tent

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See also: tent.

English[edit]

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Wikipedia

A tent (pavilion)

Pronunciation[edit]

Etymology 1[edit]

Middle English tente, from Old French tente, from Latin tenta (tent), feminine of tentus, ptp. of tendere (to stretch, extend). Displaced native Middle English tild, tilt (tent, tilt), from Old English teld (tent).

Noun[edit]

tent (plural tents)

  1. A pavilion or portable lodge consisting of skins, canvas, or some strong cloth, stretched and sustained by poles, used for sheltering persons from the weather.
  2. (archaic) The representation of a tent used as a bearing.
Derived terms[edit]
Translations[edit]

Verb[edit]

tent (third-person singular simple present tents, present participle tenting, simple past and past participle tented)

  1. (intransitive) To go camping.
    We’ll be tented at the campground this weekend.
  2. (cooking) To prop up aluminum foil in an inverted "V" (reminiscent of a pop-up tent) over food to reduce splatter, before putting it in the oven.
  3. (intransitive) To form into a tent-like shape.
    The sheet tented over his midsection.
Translations[edit]
  • (to go camping): Swedish: tälta

See also[edit]

Etymology 2[edit]

Middle English tent (attention), aphetic variation of attent (attention), from Old French atente (attention, intention), from Latin attenta, feminine of attentus, past participle of attendere (to attend).

Verb[edit]

tent (third-person singular simple present tents, present participle tenting, simple past and past participle tented)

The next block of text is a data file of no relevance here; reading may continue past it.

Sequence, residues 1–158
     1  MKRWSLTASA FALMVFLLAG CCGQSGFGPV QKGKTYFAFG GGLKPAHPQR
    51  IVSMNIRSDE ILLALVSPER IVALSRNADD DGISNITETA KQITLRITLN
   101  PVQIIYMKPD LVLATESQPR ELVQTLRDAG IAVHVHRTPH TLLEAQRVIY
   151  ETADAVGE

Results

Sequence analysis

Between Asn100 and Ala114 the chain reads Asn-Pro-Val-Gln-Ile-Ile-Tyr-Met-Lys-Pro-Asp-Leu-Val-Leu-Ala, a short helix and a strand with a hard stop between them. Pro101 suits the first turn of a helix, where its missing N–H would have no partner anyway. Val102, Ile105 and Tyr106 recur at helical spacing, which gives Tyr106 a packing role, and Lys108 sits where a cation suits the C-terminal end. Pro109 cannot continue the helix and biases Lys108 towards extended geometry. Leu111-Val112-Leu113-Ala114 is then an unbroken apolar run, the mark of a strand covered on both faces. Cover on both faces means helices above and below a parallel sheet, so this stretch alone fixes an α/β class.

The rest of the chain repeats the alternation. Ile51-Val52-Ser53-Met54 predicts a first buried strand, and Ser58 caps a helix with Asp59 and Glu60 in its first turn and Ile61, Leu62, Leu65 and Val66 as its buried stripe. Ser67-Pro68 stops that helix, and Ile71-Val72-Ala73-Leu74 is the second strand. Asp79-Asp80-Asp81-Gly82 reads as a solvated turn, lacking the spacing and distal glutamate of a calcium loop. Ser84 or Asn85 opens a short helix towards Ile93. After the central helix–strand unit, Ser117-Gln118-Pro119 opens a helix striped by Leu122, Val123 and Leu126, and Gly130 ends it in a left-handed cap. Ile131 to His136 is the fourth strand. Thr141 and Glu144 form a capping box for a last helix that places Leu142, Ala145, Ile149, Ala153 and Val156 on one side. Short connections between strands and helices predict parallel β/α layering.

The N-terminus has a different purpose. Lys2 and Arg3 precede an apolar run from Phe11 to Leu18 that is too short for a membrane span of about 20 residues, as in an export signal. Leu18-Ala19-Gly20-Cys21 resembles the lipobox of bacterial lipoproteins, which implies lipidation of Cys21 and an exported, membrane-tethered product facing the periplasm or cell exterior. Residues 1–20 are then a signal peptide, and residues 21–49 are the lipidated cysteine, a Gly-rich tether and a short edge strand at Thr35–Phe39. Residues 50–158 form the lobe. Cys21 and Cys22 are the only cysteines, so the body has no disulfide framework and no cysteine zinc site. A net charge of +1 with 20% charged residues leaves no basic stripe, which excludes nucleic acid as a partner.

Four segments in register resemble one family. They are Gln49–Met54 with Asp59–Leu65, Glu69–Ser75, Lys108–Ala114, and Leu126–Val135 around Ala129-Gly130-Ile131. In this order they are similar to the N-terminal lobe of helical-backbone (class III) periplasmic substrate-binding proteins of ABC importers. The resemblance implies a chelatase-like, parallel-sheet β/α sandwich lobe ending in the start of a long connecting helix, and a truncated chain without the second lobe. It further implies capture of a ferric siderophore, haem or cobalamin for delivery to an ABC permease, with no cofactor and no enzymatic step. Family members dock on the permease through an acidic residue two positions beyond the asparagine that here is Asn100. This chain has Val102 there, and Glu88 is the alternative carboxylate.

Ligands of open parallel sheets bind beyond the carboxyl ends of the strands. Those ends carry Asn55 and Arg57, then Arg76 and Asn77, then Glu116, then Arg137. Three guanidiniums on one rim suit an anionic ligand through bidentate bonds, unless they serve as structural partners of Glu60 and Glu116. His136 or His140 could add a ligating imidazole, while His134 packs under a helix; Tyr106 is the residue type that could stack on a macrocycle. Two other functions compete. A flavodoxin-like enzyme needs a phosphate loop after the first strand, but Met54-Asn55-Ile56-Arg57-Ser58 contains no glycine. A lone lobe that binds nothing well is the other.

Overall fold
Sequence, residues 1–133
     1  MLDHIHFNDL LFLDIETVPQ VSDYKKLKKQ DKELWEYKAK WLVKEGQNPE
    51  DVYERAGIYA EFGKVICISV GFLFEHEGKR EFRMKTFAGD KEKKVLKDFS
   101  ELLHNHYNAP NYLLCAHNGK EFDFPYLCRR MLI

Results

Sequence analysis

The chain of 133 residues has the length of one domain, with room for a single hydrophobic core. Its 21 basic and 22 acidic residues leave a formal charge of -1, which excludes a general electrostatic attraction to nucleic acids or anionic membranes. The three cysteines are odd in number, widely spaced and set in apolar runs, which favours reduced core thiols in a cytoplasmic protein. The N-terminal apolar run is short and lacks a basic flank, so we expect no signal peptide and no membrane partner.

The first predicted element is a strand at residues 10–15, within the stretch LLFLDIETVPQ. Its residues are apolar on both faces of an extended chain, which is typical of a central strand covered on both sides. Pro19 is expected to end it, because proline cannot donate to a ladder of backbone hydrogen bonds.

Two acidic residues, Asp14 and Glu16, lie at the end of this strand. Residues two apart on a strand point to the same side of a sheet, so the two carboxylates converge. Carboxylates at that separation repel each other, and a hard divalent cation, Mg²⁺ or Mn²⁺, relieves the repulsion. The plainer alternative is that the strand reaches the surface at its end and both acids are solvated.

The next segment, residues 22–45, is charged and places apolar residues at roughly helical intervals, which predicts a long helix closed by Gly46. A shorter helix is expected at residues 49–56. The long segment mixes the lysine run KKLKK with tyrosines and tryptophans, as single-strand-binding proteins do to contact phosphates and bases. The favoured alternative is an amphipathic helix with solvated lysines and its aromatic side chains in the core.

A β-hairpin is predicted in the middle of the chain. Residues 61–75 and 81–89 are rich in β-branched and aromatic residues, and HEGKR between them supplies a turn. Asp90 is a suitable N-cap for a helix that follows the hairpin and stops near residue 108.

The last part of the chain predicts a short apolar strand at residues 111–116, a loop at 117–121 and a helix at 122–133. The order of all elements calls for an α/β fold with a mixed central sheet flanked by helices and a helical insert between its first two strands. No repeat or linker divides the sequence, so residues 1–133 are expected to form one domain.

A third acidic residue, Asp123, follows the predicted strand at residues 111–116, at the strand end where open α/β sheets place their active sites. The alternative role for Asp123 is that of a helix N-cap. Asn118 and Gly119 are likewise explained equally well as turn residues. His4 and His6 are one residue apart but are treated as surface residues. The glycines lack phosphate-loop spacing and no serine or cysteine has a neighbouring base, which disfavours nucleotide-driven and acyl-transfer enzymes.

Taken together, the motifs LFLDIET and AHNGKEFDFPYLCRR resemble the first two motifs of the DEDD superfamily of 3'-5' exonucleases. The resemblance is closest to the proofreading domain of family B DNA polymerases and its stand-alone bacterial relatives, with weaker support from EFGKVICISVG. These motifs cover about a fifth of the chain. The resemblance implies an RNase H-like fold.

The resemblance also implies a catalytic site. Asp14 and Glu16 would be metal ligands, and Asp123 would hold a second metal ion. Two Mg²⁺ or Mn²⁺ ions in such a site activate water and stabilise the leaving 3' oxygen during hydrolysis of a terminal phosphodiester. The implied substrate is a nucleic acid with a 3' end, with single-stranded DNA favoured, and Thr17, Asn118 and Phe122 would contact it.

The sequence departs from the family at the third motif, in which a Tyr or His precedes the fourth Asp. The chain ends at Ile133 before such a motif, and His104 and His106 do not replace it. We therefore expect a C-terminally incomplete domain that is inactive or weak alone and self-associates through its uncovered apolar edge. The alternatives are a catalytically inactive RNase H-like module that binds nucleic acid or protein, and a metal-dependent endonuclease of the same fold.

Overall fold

1. (archaic, UK, Scotland, dialect) To attend to; to heed; hence, to guard; to hinder.
    (Can we find and add a quotation of Halliwell to this entry?)

Noun[edit]

tent (plural tents)

  1. (archaic, UK, Scotland, dialect) Attention; regard, care.
    (Can we find and add a quotation of Lydgate to this entry?)
  2. (archaic) Intention; design.
    (Can we find and add a quotation of Halliwell to this entry?)

Etymology 3[edit]

Middle English tente (a probe), from Middle French tente, deverbal of tenter, from Latin tentāre (to probe, test), alteration of temptāre (to test, probe, tempt).

Noun[edit]

tent (plural tents)

  1. (medicine) A roll of lint or linen, or a conical or cylindrical piece of sponge or other absorbent, used chiefly to dilate a natural canal, to keep open the orifice of a wound, or to absorb discharges.
  2. (medicine) A probe for searching a wound.

Verb[edit]

tent (third-person singular simple present tents, present participle tenting, simple past and past participle tented)

  1. (medicine, sometimes figuratively) To probe or to search with a tent; to keep open with a tent.
    to tent a wound
    • Shakespeare
      I'll tent him to the quick.

Etymology 4[edit]

Spanish tinto (deep-colored), from Latin tinctus, past participle of tingo (to dye). More at tinge, tint, tinto.

Noun[edit]

tent (plural tents)

  1. (archaic) A kind of wine of a deep red color, chiefly from Galicia or Malaga in Spain; called also tent wine, and tinta.

Part or all of this entry has been imported from the 1913 edition of Webster’s Dictionary, which is now free of copyright and hence in the public domain. The imported definitions may be significantly out of date, and any more recent senses may be completely missing.

Anagrams[edit]


Dutch[edit]

Pronunciation[edit]

Noun[edit]

tent m (plural tenten, diminutive tentje n)

  1. tent (for camping)
  2. a pavillion
  3. (informal) a building, especially for commercial purposes

Synonyms[edit]

Derived terms[edit]